What messages do you hope the mural conveys to the Johnson community and about the Johnson community?

The biggest message I hope to get across is one of acceptance and peaceful coexistence with not only each other but with the place we live as well. Between the people and businesses represented, I really wanted to convey the positive connections and amazing opportunities that I’ve seen presented in this town. Johnson really does have so many people supporting each other’s dreams and endeavors, and so many places where those people can come together and connect with each other. As well as businesses that help people directly achieve those goals and dreams they may have! I felt it was my goal to highlight these people and places, showing viewers that the town has a strong network of support and love for all its members.

Who else was involved with the process?

The Johnson Beautification Committee was a huge help, obviously commissioning the piece but also developing the designs with me and ultimately choosing which design was final. They also helped to present the project to the town board, as well as helped to plan the finishing ceremony. Kyle Nuse in particular, who is on the committee, is primarily who I communicated with. Without her, this mural would not have been possible, as she did almost all the behind-the-scenes work. A couple of other people who provided a ton of help are Diane Lehoullier and Don Blais, who generously let me use their home as a temporary studio space. And last but not least is the town maintenance people, who helped to hang the panels on the town garage.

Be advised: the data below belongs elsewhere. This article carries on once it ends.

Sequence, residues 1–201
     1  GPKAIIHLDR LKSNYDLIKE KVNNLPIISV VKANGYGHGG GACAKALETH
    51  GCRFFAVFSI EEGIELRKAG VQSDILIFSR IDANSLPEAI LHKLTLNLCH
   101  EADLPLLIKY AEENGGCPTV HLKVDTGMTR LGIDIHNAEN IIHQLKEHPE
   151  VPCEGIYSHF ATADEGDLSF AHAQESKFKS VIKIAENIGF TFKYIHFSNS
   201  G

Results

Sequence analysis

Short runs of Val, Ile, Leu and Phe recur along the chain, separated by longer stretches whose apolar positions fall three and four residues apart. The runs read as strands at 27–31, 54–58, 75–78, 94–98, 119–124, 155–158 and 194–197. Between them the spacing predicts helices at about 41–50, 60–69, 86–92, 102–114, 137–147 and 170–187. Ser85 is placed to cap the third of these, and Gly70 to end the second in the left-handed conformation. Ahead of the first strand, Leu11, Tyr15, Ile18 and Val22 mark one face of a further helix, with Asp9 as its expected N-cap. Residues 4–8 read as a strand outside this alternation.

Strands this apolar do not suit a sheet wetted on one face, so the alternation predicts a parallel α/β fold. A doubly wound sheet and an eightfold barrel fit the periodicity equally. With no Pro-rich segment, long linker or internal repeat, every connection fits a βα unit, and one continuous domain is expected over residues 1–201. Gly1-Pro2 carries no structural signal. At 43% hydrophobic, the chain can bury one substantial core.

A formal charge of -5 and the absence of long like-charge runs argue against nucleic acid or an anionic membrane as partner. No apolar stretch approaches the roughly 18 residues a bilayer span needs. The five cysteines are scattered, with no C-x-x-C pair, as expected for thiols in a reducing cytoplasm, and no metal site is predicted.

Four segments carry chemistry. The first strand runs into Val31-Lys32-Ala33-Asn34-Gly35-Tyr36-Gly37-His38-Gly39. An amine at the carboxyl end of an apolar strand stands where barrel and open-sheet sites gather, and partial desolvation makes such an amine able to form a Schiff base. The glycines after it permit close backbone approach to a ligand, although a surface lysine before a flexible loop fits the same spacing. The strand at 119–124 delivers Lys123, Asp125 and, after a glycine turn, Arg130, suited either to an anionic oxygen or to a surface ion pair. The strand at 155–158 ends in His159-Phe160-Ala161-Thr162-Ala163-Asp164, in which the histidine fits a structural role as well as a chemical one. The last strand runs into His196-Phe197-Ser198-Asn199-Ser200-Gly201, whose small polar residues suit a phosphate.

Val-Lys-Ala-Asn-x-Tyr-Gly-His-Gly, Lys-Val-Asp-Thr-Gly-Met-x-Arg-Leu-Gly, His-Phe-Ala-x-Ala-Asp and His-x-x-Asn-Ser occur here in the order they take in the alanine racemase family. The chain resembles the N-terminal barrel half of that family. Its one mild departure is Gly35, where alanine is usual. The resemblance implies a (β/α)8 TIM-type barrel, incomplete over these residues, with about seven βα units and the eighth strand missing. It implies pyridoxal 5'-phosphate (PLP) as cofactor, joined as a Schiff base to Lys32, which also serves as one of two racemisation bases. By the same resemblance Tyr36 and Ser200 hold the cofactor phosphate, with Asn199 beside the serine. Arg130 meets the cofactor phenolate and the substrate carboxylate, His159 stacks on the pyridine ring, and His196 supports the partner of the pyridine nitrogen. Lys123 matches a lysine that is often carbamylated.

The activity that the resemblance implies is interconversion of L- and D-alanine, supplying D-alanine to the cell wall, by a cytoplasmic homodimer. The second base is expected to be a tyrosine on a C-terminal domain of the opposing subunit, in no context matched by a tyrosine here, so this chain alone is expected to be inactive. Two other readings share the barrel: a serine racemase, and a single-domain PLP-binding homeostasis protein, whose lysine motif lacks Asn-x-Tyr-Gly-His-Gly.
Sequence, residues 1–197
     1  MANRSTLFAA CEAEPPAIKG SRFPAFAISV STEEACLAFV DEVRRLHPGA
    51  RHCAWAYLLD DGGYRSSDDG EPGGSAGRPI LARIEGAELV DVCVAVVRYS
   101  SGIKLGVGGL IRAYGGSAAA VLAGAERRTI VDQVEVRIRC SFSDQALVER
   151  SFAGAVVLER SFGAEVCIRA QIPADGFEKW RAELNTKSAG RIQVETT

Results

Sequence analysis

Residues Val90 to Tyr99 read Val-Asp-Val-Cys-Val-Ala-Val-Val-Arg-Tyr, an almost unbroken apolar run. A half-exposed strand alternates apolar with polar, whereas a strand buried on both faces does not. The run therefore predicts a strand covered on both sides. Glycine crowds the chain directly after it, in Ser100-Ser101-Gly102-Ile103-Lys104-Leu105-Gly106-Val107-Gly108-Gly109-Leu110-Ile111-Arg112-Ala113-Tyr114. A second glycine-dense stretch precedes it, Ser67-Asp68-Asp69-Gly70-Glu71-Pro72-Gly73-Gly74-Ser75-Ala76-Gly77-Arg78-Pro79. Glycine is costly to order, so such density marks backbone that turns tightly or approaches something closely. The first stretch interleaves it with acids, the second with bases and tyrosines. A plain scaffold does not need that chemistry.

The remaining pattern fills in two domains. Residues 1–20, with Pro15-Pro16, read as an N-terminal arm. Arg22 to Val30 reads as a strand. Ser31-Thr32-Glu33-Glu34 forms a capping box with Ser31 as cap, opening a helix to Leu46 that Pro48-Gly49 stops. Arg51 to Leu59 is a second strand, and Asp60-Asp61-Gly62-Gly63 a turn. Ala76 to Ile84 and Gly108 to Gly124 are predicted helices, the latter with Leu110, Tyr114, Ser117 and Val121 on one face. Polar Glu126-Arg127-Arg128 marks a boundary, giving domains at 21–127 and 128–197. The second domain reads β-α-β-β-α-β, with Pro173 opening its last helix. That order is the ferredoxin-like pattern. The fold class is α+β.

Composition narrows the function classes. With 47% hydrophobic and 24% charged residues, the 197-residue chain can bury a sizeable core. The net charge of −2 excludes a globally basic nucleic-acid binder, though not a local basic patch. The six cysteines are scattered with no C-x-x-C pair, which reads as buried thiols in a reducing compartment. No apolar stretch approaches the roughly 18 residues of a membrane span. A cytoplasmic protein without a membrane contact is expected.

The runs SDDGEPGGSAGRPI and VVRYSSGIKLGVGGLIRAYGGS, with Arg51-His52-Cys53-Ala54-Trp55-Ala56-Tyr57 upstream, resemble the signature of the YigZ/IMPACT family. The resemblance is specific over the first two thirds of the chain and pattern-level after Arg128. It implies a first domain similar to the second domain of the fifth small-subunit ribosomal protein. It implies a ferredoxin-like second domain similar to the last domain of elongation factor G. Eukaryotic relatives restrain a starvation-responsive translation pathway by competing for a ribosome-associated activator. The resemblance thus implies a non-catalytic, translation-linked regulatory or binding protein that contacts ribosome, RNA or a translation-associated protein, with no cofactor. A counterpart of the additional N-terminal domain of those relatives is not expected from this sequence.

Where did funding come from?

I’m not sure of the exact numbers, but I think the Beautification Committee had put aside around $1,000 for a project like this. So that was a good portion! Aside from that, the rest was raised through various fundraising and sponsorships all run by Kyle and the committee. The materials used, both the paint and the wooden panels, were all donated! Overall the project came to $2,500.

There have been some negative responses to the mural being put up, how have you responded to these comments/backlash?

The negative responses were honestly hard to respond to, as most of them were coming from a place of confusion. What is the mural about? What was it supposed to represent? The only way I could respond to these questions was simply by answering them and giving an explanation as to how the mural connects to the community. Aside from that, most of the critiques were about either the style of the mural, being too “cartoony” or about the apparent lack of diversity in the design. As for the style of the piece, I could not do much to change this as it is simply my own art style, and the only way to really get rid of the “cartoonishness” is by hiring a different artist with a different style. Fortunately, that did not happen and the cartoonish elements stayed despite some push-back. The one negative response that really bothered me though was the critiques about diversity. I tried my hardest to represent people of all genders, races, ages, etc. throughout my design, but with the limited space I could only have so many people represented. Because of this, I think some people were unable to see themselves in any of the figures depicted, which is a bummer! One of the main goals of this project was to accurately depict the Johnson community, so it makes me sad that some folks felt left out. But due to these critiques, the final product is actually much more diverse than the original sketch, including many more people of color and more variety in age. The only thing I wish I had included, looking back, is someone in a wheelchair or something of the sort, giving a nod to those with disabilities.

I am ultimately glad that this project got some pushback, as it gave me time to reflect on my design. I think because of the criticism, I was able to make changes and come out with an all-around better product.